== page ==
The Astrodome is already one of the most iconic sites in Houston. It could be our Eiffel Tower if we cared enough to invest as such.

  3. Ralfff says:

    Texas Leftist: you didn’t address this: “I love Discovery Green and I’m generally favorable towards more parks, but I am skeptical of this analogy. Discovery Green is a park surrounded by city blocks that are full of people who can walk to it. Astrodome Park would be surrounded by acres of parking lot that abuts a highway on one side. Who’s going to walk to it?”

    No one will. It’s a white elephant. Turn the parking lots into parkland and they might be on to something, though.

  4. Greg Wythe says:

    Ralfff,

    Kudos for piquing my interest in doing a population count to test the “white elephant” theory. As it turns out, there are a number of apartments situated to the east and north of the Dome. Checking Census data, the counts on the area “un-highlighted” in this map view comes to 13,360 for the immediate Dome walking area.

    If we look at just downtown, we have only 4,690 total people there to seed Discovery Green with foot traffic. So, on the surface, the Dome area is significantly better situated. If we factor in Midtown and a generous interpretation of EaDo, we get 13,243 people in the “un-highlighted” version of the downtown map. Still less than would be accessible to the Dome park.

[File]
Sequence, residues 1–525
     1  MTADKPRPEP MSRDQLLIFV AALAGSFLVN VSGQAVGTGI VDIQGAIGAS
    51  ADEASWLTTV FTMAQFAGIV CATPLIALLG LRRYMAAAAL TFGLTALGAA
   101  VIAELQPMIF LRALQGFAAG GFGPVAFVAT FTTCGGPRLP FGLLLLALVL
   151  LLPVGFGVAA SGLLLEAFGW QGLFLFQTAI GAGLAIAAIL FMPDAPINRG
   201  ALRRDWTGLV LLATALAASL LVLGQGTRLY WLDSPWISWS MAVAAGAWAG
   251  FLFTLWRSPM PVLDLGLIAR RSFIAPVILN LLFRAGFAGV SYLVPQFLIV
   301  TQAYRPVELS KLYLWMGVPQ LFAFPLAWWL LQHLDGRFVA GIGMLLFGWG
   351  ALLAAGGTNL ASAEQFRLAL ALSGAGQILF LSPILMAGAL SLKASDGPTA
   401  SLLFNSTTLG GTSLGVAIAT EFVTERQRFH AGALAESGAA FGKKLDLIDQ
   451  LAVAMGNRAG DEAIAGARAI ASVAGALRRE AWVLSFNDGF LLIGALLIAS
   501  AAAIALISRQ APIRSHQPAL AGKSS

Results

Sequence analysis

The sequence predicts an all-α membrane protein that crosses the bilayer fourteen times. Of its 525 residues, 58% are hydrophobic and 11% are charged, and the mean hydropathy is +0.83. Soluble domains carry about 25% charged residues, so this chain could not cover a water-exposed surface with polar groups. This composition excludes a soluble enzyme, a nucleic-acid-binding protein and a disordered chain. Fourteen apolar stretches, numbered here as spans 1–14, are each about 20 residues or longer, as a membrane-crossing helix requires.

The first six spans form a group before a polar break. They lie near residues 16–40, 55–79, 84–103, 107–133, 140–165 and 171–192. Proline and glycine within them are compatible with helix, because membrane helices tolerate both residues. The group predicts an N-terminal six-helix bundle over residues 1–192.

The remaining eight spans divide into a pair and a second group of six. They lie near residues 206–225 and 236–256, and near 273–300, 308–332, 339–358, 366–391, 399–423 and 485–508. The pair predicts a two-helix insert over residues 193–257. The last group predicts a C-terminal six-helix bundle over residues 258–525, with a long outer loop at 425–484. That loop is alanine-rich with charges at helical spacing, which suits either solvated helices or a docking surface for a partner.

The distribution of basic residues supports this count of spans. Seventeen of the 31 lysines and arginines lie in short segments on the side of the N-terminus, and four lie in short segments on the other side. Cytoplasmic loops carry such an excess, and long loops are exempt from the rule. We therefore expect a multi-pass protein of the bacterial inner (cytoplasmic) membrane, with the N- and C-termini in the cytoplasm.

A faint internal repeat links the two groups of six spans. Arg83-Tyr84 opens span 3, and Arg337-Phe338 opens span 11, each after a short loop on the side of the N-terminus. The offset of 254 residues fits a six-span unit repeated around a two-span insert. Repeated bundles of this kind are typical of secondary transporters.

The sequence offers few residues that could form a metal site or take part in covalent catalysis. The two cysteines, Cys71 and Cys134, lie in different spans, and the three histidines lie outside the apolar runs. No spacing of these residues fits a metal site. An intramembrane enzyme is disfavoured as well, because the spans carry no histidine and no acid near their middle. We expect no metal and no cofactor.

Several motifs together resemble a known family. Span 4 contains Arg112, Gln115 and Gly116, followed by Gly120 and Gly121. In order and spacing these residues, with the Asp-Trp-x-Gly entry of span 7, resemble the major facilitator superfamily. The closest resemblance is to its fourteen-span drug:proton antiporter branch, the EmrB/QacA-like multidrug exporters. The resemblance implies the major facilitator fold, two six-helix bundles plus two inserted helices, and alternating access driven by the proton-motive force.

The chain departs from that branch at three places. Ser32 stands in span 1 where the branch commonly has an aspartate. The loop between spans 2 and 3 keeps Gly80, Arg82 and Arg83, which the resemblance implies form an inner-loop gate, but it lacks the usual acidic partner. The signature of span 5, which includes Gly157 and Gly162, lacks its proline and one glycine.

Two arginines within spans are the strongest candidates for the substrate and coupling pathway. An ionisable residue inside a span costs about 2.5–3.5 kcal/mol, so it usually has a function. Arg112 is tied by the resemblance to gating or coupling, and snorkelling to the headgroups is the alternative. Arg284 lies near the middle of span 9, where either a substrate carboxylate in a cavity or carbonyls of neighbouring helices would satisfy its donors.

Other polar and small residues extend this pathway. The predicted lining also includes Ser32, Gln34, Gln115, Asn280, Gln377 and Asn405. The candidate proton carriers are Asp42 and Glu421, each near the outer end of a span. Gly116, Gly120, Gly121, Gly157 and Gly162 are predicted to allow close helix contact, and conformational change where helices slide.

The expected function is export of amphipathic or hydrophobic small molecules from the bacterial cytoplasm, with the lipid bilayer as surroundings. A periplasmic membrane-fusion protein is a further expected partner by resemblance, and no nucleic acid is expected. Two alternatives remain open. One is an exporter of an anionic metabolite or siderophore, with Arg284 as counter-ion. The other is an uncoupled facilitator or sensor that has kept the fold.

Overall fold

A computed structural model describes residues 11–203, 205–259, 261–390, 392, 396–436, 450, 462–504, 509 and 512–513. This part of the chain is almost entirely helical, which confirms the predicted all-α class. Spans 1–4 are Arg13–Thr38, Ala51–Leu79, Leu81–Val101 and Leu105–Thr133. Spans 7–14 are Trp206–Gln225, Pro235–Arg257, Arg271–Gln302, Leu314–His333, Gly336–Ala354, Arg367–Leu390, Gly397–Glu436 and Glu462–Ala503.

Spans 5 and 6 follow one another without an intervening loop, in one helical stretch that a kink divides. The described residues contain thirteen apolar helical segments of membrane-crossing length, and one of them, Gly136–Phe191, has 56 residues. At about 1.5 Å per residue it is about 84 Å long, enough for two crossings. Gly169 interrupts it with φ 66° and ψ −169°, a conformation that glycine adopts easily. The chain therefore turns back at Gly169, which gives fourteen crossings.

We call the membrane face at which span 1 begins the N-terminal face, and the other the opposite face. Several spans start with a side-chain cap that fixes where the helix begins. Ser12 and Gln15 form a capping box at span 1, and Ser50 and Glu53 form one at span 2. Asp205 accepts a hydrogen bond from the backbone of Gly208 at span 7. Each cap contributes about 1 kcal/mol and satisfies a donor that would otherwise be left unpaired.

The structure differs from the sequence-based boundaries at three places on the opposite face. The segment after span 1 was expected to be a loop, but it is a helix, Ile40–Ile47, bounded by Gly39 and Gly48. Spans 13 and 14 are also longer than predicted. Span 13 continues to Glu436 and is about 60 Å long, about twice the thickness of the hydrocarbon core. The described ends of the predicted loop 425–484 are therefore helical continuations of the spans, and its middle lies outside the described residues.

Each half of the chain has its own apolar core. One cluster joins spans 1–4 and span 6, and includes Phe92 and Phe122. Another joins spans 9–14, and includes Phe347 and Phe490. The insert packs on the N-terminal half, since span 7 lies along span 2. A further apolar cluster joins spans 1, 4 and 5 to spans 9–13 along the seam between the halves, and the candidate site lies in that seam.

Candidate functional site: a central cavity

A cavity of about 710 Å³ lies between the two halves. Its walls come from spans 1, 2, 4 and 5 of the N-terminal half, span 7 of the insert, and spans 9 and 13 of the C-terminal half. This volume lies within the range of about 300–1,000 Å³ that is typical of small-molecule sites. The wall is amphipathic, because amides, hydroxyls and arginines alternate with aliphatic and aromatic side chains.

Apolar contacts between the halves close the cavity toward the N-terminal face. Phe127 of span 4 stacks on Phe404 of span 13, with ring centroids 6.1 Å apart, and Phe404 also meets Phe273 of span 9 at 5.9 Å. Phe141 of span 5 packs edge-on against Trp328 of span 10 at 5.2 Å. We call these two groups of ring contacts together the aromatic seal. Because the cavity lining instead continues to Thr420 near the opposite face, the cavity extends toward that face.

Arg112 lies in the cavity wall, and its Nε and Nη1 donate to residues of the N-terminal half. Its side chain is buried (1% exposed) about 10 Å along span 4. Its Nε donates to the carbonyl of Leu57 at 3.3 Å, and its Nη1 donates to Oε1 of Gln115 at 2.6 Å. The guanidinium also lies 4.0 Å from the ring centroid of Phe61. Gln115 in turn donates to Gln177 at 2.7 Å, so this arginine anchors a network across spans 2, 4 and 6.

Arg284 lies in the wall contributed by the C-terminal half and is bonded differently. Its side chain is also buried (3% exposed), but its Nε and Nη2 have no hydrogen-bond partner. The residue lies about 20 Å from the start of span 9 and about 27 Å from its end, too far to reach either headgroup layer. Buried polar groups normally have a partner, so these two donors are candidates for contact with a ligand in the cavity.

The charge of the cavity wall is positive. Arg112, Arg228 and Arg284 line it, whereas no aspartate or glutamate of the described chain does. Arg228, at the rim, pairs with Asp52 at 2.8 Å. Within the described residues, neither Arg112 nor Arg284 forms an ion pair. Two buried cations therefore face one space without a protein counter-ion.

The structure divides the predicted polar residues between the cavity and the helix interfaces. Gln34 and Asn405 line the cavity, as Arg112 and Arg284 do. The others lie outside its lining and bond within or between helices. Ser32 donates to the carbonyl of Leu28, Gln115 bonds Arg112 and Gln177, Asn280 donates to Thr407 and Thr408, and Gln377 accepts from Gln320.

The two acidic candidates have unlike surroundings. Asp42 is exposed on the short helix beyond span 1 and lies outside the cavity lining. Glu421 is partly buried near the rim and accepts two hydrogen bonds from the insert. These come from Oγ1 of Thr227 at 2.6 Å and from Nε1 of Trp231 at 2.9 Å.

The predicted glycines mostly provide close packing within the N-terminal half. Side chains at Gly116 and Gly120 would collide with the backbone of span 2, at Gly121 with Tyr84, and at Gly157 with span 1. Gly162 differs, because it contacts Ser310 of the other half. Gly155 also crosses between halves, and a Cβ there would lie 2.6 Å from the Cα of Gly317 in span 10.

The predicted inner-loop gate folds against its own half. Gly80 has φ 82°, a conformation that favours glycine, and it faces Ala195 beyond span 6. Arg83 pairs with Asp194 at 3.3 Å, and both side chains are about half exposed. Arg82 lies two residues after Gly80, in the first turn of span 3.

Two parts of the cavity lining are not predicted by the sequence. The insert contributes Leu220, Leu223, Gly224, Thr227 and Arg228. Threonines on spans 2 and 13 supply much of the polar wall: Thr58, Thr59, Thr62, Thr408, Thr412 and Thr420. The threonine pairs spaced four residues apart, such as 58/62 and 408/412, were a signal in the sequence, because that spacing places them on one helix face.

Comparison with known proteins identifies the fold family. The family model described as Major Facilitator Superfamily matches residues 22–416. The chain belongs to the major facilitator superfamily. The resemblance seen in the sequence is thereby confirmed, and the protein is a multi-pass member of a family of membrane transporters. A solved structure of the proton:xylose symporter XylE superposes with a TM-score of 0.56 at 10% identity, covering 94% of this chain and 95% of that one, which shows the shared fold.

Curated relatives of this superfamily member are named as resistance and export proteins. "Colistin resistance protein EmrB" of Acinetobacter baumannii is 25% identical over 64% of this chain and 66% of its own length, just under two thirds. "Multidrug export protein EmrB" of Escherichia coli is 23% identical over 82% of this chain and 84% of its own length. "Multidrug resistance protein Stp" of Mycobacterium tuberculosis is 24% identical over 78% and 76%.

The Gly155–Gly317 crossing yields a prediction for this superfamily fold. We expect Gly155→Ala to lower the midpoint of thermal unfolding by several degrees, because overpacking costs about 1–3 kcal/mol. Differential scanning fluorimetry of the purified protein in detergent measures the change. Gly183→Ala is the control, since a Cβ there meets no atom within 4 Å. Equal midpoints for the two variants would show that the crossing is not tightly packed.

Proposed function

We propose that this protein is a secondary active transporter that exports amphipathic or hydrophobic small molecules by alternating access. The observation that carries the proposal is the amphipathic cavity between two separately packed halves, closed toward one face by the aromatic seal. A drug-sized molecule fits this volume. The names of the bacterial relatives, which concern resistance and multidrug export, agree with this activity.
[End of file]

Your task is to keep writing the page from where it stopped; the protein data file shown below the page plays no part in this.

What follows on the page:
Both maps are from roughly the same elevation, so the expanse of territory of those maps should give a good interpretation. Obviously, not all parts of downtown (let alone Midtown or EaDo) are considered “walkable” to Discovery Green and not all parts of the Med Center apartments are going to be “walkable” to a Dome park.

    But even if the downtown area were more populated, I don’t think it would make a case in and of itself – highways and a rail line to the Dome generally mean easier access. If there’s a problem with the proposal, proximate population and access aren’t going to be among them.

  5. Ken says:

    They charge high prices for parking on the property each and every day it is used. No one will drive to it and pay a lot of money to park. People who are on the property for an event and the local population are the only people who would use it.

    Discovery Green has a large amount of cheap street parking in the immediate area.